(Photo Credit: James Coreas/North Texas Daily)
With the NBA draft closing in, a player worth mentioning is University of North Texas power forward Tony Mitchell.
Mitchell is worth mentioning because he is the lone player from a Texas college with a first round grade, could be a possible pick for the Dallas Mavericks if they were to trade the 13th pick and most important of all he is the definition of a high risk-high reward player.
I had the opportunity to cover Mitchell’s freshmen season in its entirety and spent time on and off the UNT men’s basketball beat during his sophomore season.
While watching Mitchell, I witnessed two different players in his time with the Mean Green.
The first year, Mitchell looked like a player that was determined to be recognized and make a name for himself. If he didn’t miss the first nine games of the season due to academic issues he would have been the unanimous Sun Belt Conference Freshman of the Year and the SBC Player of the Year.
The season ended with a last second loss in the Sun Belt tournament finals and fuelled his decision to return for his second season.
During the offseason, the Mean Green underwent a coaching change has Johnny Jones headed to LSU to coach for his alma mater.
Afterwards, Mitchell could not live up to the expectations he set for himself after his first year as the coaching change highly effected Mitchell’s play and the team’s performance.
Mitchell showed that he is not as a sure thing NBA prospect that everyone makes him out to be.
When I look at Mitchell is see a raw prospect that has the athleticism to take the Sports Center highlight reel away from Blake Griffin. His talent right now is good enough to provide a spark in short time off the bench and would likely stay this way into his third, maybe fourth year as a pro before he gets a spot in a team’s starting lineup.
While I say that drafting Mitchell will be a work in progress and even a potential bust, I understand the serious appeal of this draftee.
A 6’8” forward with a 7’3” wingspan, a near 40-inch vertical and the ability to shoot from beyond the arch equals a future star. A simple formula for finding viable prospects but like baseball there is a “sabermetrics” side of this.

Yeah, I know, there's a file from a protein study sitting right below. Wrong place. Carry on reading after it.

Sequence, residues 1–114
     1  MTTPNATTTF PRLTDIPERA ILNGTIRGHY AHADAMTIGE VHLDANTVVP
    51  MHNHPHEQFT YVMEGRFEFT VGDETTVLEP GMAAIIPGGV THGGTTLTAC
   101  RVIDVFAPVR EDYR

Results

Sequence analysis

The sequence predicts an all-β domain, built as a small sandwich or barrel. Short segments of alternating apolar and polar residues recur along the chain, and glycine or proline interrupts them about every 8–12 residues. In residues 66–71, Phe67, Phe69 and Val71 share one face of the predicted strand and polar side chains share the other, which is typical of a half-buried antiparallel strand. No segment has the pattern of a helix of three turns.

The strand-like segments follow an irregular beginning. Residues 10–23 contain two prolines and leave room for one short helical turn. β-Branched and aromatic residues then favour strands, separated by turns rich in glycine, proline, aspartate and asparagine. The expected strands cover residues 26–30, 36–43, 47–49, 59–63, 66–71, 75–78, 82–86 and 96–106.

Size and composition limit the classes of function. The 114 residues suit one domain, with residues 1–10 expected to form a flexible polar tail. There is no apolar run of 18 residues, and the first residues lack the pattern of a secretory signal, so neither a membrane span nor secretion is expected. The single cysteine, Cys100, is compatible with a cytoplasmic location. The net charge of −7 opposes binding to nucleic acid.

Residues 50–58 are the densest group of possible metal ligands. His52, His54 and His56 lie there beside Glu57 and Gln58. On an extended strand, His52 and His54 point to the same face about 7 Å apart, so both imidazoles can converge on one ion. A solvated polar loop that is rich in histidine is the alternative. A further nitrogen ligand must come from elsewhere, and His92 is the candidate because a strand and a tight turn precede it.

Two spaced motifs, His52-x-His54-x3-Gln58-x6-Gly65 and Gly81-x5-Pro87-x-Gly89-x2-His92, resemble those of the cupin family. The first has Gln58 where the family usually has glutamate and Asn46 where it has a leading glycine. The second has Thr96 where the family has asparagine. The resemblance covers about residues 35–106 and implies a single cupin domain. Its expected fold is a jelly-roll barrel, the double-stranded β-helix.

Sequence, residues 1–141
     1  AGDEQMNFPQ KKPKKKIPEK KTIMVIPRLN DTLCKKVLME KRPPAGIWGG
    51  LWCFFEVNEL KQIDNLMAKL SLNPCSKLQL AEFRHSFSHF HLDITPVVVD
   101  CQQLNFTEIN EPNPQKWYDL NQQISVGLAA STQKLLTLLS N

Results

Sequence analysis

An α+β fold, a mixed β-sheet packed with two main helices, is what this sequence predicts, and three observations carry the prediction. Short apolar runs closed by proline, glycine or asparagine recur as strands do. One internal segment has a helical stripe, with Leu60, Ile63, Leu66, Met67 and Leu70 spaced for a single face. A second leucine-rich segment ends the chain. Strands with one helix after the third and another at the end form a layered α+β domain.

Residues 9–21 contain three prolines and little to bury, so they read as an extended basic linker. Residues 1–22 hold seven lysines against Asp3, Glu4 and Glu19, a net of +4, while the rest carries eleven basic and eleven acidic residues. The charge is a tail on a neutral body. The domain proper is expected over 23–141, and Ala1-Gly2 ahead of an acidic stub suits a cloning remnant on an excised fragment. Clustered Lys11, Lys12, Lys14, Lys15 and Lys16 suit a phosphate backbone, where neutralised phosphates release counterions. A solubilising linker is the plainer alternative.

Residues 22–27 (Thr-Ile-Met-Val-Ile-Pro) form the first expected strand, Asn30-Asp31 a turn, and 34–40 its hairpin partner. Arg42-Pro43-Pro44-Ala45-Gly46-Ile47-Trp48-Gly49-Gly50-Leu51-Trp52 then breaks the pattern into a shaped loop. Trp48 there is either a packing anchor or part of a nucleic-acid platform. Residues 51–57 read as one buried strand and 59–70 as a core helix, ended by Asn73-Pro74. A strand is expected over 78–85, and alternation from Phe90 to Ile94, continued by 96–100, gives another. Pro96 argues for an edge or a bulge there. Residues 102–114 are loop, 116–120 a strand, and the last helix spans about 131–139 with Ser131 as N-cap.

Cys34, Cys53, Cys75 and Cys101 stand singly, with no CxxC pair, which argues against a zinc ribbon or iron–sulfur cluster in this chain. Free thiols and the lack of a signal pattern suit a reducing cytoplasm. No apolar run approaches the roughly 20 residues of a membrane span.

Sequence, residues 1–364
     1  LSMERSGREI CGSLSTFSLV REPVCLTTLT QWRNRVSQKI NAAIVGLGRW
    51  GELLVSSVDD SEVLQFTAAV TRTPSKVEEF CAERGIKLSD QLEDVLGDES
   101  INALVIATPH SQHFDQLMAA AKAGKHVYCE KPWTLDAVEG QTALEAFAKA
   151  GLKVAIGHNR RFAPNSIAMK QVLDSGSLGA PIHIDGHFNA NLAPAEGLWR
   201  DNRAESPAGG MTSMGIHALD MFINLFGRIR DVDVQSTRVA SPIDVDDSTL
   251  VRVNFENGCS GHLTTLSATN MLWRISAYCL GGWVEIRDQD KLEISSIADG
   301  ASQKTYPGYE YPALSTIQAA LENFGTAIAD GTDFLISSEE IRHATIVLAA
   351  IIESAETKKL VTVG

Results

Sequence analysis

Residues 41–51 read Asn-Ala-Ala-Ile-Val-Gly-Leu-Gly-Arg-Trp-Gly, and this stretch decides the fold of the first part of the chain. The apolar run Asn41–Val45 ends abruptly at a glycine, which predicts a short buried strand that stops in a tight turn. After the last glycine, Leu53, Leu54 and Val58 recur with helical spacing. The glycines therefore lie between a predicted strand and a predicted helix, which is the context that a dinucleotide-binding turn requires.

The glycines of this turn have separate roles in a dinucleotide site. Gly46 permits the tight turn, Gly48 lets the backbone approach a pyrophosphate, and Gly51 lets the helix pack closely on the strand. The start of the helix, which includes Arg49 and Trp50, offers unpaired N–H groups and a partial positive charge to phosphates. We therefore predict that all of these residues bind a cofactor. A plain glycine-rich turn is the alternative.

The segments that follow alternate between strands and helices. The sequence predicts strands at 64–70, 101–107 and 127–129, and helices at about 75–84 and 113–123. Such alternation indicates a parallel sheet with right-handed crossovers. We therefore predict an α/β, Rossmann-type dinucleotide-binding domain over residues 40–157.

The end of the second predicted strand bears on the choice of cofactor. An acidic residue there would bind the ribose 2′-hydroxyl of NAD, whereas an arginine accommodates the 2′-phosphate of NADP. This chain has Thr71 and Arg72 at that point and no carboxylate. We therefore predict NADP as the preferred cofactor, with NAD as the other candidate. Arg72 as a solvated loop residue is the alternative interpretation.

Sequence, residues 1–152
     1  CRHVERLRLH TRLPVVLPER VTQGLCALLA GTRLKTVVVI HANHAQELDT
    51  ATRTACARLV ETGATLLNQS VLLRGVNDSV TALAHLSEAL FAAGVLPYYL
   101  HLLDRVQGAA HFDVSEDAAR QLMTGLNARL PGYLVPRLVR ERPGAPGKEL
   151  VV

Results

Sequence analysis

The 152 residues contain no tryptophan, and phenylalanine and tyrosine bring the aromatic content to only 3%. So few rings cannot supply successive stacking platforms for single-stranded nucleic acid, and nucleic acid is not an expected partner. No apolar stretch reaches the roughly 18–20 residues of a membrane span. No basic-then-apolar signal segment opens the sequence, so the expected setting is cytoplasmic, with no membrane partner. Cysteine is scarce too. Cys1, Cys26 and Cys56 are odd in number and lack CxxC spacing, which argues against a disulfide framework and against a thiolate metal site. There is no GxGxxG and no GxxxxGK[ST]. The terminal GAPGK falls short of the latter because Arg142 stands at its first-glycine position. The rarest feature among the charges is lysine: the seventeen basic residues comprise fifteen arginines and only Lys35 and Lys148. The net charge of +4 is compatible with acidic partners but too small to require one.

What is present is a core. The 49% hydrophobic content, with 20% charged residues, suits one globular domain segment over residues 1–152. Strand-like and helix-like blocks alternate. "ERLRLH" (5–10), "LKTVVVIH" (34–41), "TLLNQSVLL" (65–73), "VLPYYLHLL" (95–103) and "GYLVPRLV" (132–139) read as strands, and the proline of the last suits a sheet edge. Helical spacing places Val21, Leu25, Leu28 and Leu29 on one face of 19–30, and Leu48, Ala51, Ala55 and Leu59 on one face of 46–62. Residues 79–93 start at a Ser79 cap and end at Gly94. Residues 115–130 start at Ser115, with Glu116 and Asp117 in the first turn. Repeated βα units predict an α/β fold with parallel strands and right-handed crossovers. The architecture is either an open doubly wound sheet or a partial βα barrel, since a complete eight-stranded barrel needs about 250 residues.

Mitchell saw a dip in his field goal percentage, percentage from three-point range, points per game and even his rebounding production took a hit during his sophomore season.
Not to mention, while watching his games he did not appear to be mentally involved especially during times of turmoil where the team was struggling to get going.
To me, this means that Mitchell will go the way the rest of his team goes, not exactly the way a player with his potential should respond when faced with adversity.
He showed that he’s not someone to put a team on his shoulders and as the team’s star was unable to help dig the team out of its hole.
Four years from now, I could be proven wrong and quite honestly wish I will be, but that is why Mitchell is a high risk-high reward player. His athleticism is beyond many of the players currently in the NBA but after a season where he and his team were shut down by the rest of the Sun Belt Conference I find it hard seeing success for Mitchell in the NBA.
This doesn’t mean SBC players don’t make a name for themselves in the professional world. Jeremy Evans and Courtney Lee are the most recent players to come out of the Sun Belt to impact the league.
Derrick Fisher is the biggest name to come out of the SBC, but since Fisher entered the NBA in 1996, nine players from that conference have made it to the pros with Raja Bell being the only other recognizable player in the league today.
Seeing Mitchell’s name next to those mentioned above would certainly be nice an achievement all on its own.
Mitchell will also be the first UNT basketball player to make it on a professional roster since Joe Hamilton who played in the ABA from 1970-1976 for several teams.
As far as the Mavericks and the possibility of taking Mitchell, I would prefer them not to. A forward is not what Dallas needs. Dallas needs someone who can hit the hardwood running and impact the team from the get go from the point. In addition, the only way Dallas could grab Mitchell is if they were to trade their 13th pick to a team looking to move up in the draft.
What Mark Cuban and the rest of the Mavericks front office plans to do on draft day is always unpredictable making my guess as good as anyone else’s.
Mitchell is a player with swingman athleticism, a post players size and the potential of Greg Oden before his plague of injuries.
He needs to fine tune his entire game outside of standing underneath the basket waiting for the ball and find a position where he can be the most effective.
Regardless, Mitchell is a very appealing prospect that could make even the most agile big men in the league look like Erick Dampier and if he falls as far as people predict then he will make a playoff caliber team very happy.
In the ESPN Experts Mock Draft, they have Mitchell going 28th overall to the San Antonio Spurs, a team that will suit him nicely and allow this young baller to mature under the watchful wings of one of the greatest big men of all time Tim Duncan.
Although Tony Mitchell is not a marquee player in this draft, he is certainly a name to remember regardless of his future becoming a success story or not.